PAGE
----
2. Wherefore, though you are already running in the way, I urge a willing horse, as the saying goes, and implore you, while you regret in your Lucinius a true brother, to rejoice as well that he now reigns with Christ. For, as it is written in the book of Wisdom, he was "taken away lest that wickedness should alter his understanding ... for his soul pleased the Lord ... and he ... in a short time fulfilled a long time." We may with more right weep for ourselves that we stand daily in conflict with our sins, that we are stained with vices, that we receive wounds, and that we must give account for every idle word. Victorious now and free from care he looks down upon you from on high and supports you in your struggle, nay more, he prepares for you a place near to himself; for his love and affection towards you are still the same as when, disregarding his claim on you as a husband, he resolved to treat you even on earth as a sister, or indeed I may say as a brother, for difference of sex while essential to marriage is not so to a continent tie. And since even in the flesh, if we are born again in Christ, we are no longer Greek and Barbarian, bond and free, male and female, but are all one in Him, how much more true will this be when this corruptible has put on incorruption and when this mortal has put on immortality. "In the resurrection," the Lord tells us, "they neither marry nor are given in marriage but are as the angels ... in heaven." Now when it is said that they neither marry nor are given in marriage but are as the angels in heaven, there is no taking away of a natural and real body but only an indication of the greatness of the glory to come. For the words are not "they shall be angels" but "they shall be as the angels": thus while likeness to the angels is promised identity with them is refused. "They shall be," Christ tells us, "as the angels," that is like the angels; therefore they will not cease to be human. Glorious indeed they shall be, and graced with angelic splendour, but they will still be human; the apostle Paul will still be Paul, Mary will still be Mary. Then shall confusion overtake that heresy which holds out great but vague promises only that it may take away hopes which are at once modest and certain.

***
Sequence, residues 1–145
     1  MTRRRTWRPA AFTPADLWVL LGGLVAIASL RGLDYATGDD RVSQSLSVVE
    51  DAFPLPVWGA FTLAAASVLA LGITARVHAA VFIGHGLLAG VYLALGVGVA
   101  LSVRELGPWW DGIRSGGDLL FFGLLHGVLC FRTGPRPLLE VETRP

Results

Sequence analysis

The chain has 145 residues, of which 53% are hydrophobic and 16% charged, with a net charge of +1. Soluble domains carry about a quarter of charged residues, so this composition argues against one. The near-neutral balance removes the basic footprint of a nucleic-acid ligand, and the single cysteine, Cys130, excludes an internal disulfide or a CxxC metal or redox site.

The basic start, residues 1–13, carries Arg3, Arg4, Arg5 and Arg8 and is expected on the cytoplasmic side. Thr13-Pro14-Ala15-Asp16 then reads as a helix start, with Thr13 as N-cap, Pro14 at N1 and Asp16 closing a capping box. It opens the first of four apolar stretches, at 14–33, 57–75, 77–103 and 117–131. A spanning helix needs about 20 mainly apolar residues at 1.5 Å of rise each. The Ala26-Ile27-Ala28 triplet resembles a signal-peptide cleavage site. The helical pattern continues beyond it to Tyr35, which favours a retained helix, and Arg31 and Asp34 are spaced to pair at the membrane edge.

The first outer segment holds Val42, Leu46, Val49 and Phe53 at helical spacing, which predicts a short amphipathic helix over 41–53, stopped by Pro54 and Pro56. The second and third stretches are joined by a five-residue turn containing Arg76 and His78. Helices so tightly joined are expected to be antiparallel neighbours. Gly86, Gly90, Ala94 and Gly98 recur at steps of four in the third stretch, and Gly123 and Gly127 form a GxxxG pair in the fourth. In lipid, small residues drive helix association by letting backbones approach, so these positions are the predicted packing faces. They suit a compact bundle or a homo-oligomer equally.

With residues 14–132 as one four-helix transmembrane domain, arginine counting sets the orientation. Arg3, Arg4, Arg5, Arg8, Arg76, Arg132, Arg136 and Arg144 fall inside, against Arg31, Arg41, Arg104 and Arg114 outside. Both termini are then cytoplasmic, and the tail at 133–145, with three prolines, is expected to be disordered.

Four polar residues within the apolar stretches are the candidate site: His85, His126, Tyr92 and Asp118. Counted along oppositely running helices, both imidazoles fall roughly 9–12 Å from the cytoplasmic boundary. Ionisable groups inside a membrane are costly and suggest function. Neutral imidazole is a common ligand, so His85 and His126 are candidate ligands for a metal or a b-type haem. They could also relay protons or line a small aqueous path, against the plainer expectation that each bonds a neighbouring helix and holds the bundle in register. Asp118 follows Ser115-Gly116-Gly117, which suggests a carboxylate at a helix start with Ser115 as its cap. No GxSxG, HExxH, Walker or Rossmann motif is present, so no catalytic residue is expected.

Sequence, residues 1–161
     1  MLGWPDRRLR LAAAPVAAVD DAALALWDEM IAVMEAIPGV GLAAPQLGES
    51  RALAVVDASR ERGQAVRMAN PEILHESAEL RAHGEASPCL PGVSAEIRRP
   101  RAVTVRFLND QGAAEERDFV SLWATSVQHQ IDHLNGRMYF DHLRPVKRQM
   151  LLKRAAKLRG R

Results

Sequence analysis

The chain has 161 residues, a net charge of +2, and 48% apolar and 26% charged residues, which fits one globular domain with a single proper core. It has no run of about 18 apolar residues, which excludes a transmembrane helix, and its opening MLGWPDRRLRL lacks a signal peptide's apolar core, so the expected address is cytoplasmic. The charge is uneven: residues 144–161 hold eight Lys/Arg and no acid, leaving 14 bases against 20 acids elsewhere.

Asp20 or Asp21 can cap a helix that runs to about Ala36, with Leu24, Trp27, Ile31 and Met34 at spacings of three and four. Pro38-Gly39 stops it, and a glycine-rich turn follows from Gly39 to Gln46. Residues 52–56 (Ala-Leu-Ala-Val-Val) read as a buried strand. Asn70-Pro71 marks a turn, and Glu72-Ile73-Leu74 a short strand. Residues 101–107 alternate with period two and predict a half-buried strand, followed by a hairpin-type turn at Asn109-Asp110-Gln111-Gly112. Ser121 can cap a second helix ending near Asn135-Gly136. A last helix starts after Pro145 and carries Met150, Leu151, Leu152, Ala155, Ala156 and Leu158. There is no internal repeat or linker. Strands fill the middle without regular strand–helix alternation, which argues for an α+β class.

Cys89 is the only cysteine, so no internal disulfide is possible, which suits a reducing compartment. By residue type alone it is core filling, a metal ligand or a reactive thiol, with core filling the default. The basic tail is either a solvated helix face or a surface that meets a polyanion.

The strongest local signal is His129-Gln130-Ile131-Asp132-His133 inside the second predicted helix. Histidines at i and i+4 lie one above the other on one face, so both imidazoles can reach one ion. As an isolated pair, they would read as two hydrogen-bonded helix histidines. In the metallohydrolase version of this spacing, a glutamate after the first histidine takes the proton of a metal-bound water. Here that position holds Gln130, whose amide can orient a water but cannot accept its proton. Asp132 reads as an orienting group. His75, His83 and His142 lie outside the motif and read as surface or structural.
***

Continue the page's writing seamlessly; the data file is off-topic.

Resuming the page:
3. And now that I have once mentioned the word "heresy," where can I find a trumpet loud enough to proclaim the eloquence of our dear Lucinius, who, when the filthy heresy of Basilides raged in Spain and like a pestilence ravaged the provinces between the Pyrenees and the ocean, upheld in all its purity the faith of the church and altogether refused to embrace Armagil, Barbelon, Abraxas, Balsamum, and the absurd Leusibora. Such are the portentous names which, to excite the minds of unlearned men and weak women, they pretend to draw from Hebrew sources, terrifying the simple by barbarous combinations which they admire the more the less they understand them. The growth of this heresy is described for us by Irenaeus, bishop of the church of Lyons, a man of the apostolic times, who was a disciple of Papias the hearer of the evangelist John. He informs us that a certain Mark, of the stock of the gnostic Basilides, came in the first instance to Gaul, that he contaminated with his teaching those parts of the country which are watered by the Rhone and the Garonne, and that in particular he misled by his errors high-born women; to whom he promised certain secret mysteries and whose affection he enlisted by magic arts and hidden indulgence in unlawful intercourse. Irenaeus goes on to say that subsequently Mark crossed the Pyrenees and occupied Spain, making it his object to seek out the houses of the wealthy, and in these especially the women, concerning whom we are told that they are "led away with divers lusts, ever learning and never able to come to the knowledge of the truth." All this he wrote about three hundred years ago in the extremely learned and eloquent books which he composed under the title Against all heresies.